After several attempts to address his problems, Ms McFarlane reluctantly decided the only way to deal with the situation was to keep him off school.

"He'd gone from being confident to being scared of other children," she said.

It had been very different when Jonathan was younger. He got a place at a local nursery school and enjoyed it.

When he reached school age, Jonathan went to a communication unit for autistic youngsters and again did well, moving to a local state primary when he was eight.

In August, Jonathan moved to Louden Academy, a state secondary in Ayrshire. Although he was given a place in the school's communication unit, which gives one-to-one teaching to pupils with special needs, Jonathan insisted on being placed in a mainstream class.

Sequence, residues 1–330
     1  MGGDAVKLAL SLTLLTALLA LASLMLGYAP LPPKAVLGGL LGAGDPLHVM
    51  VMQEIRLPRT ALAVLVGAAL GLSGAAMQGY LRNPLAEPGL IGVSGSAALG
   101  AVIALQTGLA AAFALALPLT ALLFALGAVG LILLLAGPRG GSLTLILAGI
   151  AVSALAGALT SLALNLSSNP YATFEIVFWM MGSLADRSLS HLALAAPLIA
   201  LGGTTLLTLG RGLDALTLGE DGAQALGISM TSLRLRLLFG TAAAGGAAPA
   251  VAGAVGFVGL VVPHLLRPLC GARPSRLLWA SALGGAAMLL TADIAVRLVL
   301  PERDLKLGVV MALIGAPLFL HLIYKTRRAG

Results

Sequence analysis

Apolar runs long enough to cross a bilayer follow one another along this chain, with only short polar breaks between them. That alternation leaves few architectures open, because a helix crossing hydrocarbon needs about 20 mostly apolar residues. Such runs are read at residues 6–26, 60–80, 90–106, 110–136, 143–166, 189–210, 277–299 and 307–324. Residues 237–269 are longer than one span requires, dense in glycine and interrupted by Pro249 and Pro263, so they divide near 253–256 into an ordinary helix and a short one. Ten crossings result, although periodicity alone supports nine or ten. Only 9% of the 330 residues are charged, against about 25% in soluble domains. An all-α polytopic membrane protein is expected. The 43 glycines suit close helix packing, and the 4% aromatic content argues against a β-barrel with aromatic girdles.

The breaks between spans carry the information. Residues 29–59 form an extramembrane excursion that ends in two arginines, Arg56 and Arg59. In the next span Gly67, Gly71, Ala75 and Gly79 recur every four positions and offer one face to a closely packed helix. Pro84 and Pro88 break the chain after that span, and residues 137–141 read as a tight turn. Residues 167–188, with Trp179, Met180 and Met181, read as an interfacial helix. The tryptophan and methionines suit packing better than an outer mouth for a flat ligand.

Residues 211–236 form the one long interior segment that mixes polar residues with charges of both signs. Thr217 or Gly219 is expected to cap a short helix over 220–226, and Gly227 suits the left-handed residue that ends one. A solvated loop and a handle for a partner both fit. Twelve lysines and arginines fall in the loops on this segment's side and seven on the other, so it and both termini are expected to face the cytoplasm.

He was given an auxiliary support worker to help him, but his behaviour was soon giving cause for concern.

Eventually, Ms McFarlane was called to discuss her son's behaviour. She was shocked by what she faced.

"There were two deputy heads, a principal teacher, a guidance teacher and a classroom assistant," she said. "It lasted for two hours and was very intimidating. They were saying they were doing all these things for Jonathan and he wasn't behaving, so they would have to go down the discipline route."

After seeing an educational psychologist, Jonathan returned to the school's communication unit, where he is starting to show signs of progress.

However, Ms McFarlane remains angry at the experience, which she blames on a lack of training for his teachers.